December 2017: Winter Arrives On Cue

December was generally a mild month through the 21st, the winter solstice. Then, on December 22nd, the first full day of winter, things took an inevitable turn for the worse when frigid air finally made its presence known. Once the cold air arrived, a modified arctic air mass remained entrenched across the region, only to be replaced by periodic surges of true arctic air from the 26th right on through the end of the year.

Temperature Specifics: The first 21 days of December averaged 7 degrees above normal with an average high of 53 and average low 26. In contrast, the last 10 days of the month averaged 12 degrees below normal with an average high of 25 and average low of 10. For the month as a whole, the average high was 44 and average low 21. Normal is 42 and 21.

The warmest temperature of the month was 71 degrees on December 3rd and 4th, now only a vague and distant memory. The coolest reading of the month was 3 below zero, which also occurred on two occasions, once on the morning of the 27th and again just before midnight on New Years Eve. New Years Eve Day was the coldest day of the month with a high of 11 and low of 3 below zero. The mean temperature on the last day of the year was 4 degrees, 25 degrees below normal for the date.

Precipitation: For the second month in a row precipitation was lacking.

The biggest event of the month occurred during the predawn hours of December 17th when an average 0.32 inches of an inch of rain fell across town. This helped dampen the very dry and dusty ground conditions a bit in the last 5 mild days before the cold air surged in.

We even had a white Christmas – sort of. On December 24th, an average of 1.2 inches of fluffy, arctic snow fell across town which contained 0.06 inches of water equivalent. However, the light and airy snow compacted down a bit by Christmas Day. (The 20:1 ratio of snowfall to moisture content is typical of arctic type snowfall.)  This was reinforced a bit on the 26th when 0.7 inches of snow fell that contained 0.04 inches of moisture.

The rain event on the 17th combined with the two light snowfall events bookending Christmas day brought precipitation for the month to 0.42 inches.  Normal for December is 1.47 inches.

Yearly Precipitation:  For the calendar year, an average of 44.66 inches fell in Lawrence among our city reporting rainfall sites. This compares to an annual average of 38.55 inches.

Our city total of 44.66 inches differs considerably from the reported Lawrence Airport total of 34.37 inches. This is because the automated measuring equipment at the airport has issues of missing data during equipment outages or mechanical malfunctions that are not corrected or accounted for.   Over time (if not with every event), this missing and unaccounted for precipitation renders the officially reported accumulated total at the airport significantly on the low side.  Lawrence is by no means the lone ranger in this regard.  The same type of errors occur with many such  ‘2nd order’ NWS climate stations.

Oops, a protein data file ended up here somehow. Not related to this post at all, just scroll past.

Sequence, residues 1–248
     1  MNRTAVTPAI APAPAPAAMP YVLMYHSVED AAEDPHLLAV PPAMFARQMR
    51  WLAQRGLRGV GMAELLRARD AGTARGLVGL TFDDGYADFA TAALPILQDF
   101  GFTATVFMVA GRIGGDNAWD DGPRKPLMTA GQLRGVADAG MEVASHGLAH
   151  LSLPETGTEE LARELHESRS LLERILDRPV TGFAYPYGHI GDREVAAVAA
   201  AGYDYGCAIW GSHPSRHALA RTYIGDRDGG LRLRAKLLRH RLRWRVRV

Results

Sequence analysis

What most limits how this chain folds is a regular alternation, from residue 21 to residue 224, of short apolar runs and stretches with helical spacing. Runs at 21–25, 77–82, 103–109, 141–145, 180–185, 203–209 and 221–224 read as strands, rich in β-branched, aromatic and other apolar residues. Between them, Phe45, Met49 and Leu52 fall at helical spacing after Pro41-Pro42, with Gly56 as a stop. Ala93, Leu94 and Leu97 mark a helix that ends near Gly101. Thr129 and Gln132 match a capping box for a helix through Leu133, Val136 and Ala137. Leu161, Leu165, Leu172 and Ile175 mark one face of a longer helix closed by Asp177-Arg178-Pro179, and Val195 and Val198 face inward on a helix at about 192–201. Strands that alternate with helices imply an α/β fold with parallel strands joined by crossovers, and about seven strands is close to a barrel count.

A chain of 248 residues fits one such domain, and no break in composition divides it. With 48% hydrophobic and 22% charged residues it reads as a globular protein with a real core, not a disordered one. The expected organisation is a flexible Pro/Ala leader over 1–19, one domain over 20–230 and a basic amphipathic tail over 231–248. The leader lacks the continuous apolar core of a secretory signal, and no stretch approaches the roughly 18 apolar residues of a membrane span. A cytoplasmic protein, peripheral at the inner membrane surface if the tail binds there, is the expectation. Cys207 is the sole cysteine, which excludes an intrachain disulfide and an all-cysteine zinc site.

An excellent alternative source for precipitation data in these situations is a network of citizen volunteers that make up the Community Collaborative Rain, Hail and Snow Network. The acronym is CoCoRaHS.  Precipitation data and information about this network of precipitation observers is available online.

Monthly Outlook:  For January, the NWS monthly outlook calls for below normal temperatures and above normal precipitation for our region.  Normally the driest month of the year, January averages 1.01 inches of precipitation and about 5 inches of snowfall.

January is also the month when we normally bottom out in average temperature. The average daily mean temperature reaches a minimum of 28.7 from the 2nd to the 11th of the month.  By the end of January, the average daily mean rises to 30.7, two degrees higher than the early January minimum.

So, cheer up!

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December 17th:  Looking across Perry Lake just before sunset on a mild, calm day.

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December 17th:  Bare trees along the shore of Perry Lake lit up by the setting sun.  Some rain the previous night accented the lichens on the bark a bit.   This was a mild day with a high near 50 degrees, and followed welcome wetting rain early that morning.  There was not a lot of rain, but enough to dampen down the dust for awhile and add some moisture to the air for a day or two.

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Winter Solstice Day (Dec 21st), the last mild day of the month.   Here, at the Baker Wetlands, a flock of Canada Geese depart their previously tranquil pond as I approach.   The temperature was a mild 53 as I snapped this photo at 3:15 PM.  Just an hour later, the first surge of arctic air pushed in on stiff north winds.  Reinforcing arctic surges then continued for the rest of the month and right on into the new year.  

 

 

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December 24th along the shore of Clinton Lake.  A light snowfall of about an inch fell early in the day.  The high was 27 and the low 13.

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December 30th.  A couple of eagles perch along the shore of Clinton Lake.  Unfortunately, it was hard to hold the camera still as the temperature was in the high teens with northwest winds blowing about 15-20 MPH.  Winds gusted as high as 29 MPH at the airport earlier in the day.

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December 31st:  A brave soul walks the dog at the Rotary Arboretum.   True arctic air continued to surge in, resulting in the coldest day of the month on New Years Eve.   The high was 11 degrees and the low, which occurred right at the ringing in of the new year, was 3 below zero.  Northwest winds gusting to more than 20 MPH added further insult to misery.

 

 

$$

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